Last night’s performance by Italian accordionist and composer Marco Lo Russo at Teatro Vallarta, local group La Boquita, and special guests, was, by far, one of the most important performances that have taken place to date at Teatro Vallarta, since it opened in 2010.
With amazing credentials, Lo Russo opened the evening by himself for a concert that began only 20 minutes after the advertised time—we’re getting better at this, aren’t we? Having obtained a copy of his latest CD a few days prior, I wasn’t quite sure whether his program would feature lighter classical fare, or some of his more vanguardist jazz improvisational extrapolations. To my delight, he focused on the latter at first, performing, for example, an extended version of Astor Piazzola’s seminal Adios Nonino. Never missing a beat, Lo Russo explored and developed the tune’s harmonic structure in such a way that it would have taken a truly experienced ear to keep up with his pace as he improvised on it. His performance was bewilderingly sophisticated and complex!
The audience stayed with him through its entirety, however. And while he could have relied on his virtuosic technique to do so, he didn’t have to. Instead, the artist won the public with his charm as most truly seasoned musicians do. Lo Russo then continued his set with more user-friendly material, including his own transcription of Rossini’s Overture to The Barber of Seville, for which he received a standing ovation. A surprise contribution by local dancer/choreographer Adriana Quinto, who improvised onstage to one of his more commercial arrangements helped showcase the artist’s wide interpretative range.
The second half of the evening brought Silvia Basurto and Paolo Uccelli—known as La Boquita—to the stage. Interestingly enough, mainstream Puerto Vallarta has yet to discover this duet’s ability to seduce and capture your soul as they perform, Basurto on voice and a variety of percussion instruments and Uccelli on guitar and bouzouki—a Greek guitar-like instrument.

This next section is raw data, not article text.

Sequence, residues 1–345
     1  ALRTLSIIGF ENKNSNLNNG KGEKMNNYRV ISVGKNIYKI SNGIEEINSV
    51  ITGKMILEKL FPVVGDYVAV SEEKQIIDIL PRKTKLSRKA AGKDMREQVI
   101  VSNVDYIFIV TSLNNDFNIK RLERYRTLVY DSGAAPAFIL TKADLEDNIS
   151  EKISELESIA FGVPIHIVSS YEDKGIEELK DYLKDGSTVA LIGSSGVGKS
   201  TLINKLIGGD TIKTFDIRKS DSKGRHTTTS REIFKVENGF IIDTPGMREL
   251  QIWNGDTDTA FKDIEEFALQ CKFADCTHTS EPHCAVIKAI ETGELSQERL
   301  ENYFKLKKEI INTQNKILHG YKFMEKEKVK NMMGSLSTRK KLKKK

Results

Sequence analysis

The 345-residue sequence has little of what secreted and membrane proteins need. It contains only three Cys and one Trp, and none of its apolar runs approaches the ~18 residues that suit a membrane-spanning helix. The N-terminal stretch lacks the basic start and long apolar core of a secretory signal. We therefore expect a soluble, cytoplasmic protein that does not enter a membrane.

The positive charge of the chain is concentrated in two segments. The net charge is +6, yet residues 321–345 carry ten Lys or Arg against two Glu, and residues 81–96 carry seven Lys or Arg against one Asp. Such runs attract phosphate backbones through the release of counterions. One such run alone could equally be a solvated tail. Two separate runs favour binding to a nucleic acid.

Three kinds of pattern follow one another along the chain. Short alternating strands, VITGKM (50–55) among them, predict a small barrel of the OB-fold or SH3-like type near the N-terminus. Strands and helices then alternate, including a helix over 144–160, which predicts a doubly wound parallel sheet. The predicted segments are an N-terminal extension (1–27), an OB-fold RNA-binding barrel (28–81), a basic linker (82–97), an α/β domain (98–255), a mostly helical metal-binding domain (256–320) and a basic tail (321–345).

La Boquita had but a few days to put together a set in which they could support their guest artist friend, and, at the same time, create an opportunity for themselves in such a large space as Teatro Vallarta. They did so, admirably, also receiving standing standing ovations after their intimate version of Cucurrucucú Paloma, the popular Mexican huapango introduced by Lola Beltrán in the 1965 eponymous film. Not unlike Marta Gomez’s take on Cielito Lindo—performed lullaby style, instead of the usual belted approach—Basurto’s take on Cucurrucucú Paloma became a pain-stricken lament, made even more poignant by Adriana Quinto’s tortured dance improvisations.
The evening ended with a surprise piano intervention by Sergio Zepeda, director of Municipal Culture, and mastermind behind the city’s decision to sponsor the free concert in the first place. For those of us aware of the ongoing budgetary challenges that presently constrain local government to transform our city into what it should be, Zepeda’s performance confirms his place among local artists—first and foremost—and not as another bureaucrat standing in the way of artistic development. Unfortunately one cannot say the same about Teatro Vallarta’s owner, Manuel Díaz Preciado, who as a businessman, is seldom present at the theater during performances—he would have liked this one. And to make matters worse, he has failed to find the ideal combination of business and artistic sensibility to run his operation locally.
What made the evening so special? In no particular order:
Was there something not to like? Keep reading!
The attached images were photographed by yours truly with a three year-old camera, using only a monopod, and no flash. The photos are not ultra sharp, or truly spectacular images. But they are good enough for blogging, and for most print publications. A newer camera should be able to yield even better results. That said, the number of
official photographers people with cameras interrupting local performances with flash photography is simply abhorrent. The worst offender last night set up a tripod, pointed it at the audience, and repeatedly fired his camera—flash and all—becoming a true nuisance. I got close enough to him at the end to confirm that his SLR camera was clearly much better at capturing a performance without the use of flash than his brain’s ability to grasp the concept. It turns out, he was hired by the Department of Culture—the same people that produced the event—to photograph the evening! I made sure to hold on to his business card, as I know exactly where to file it.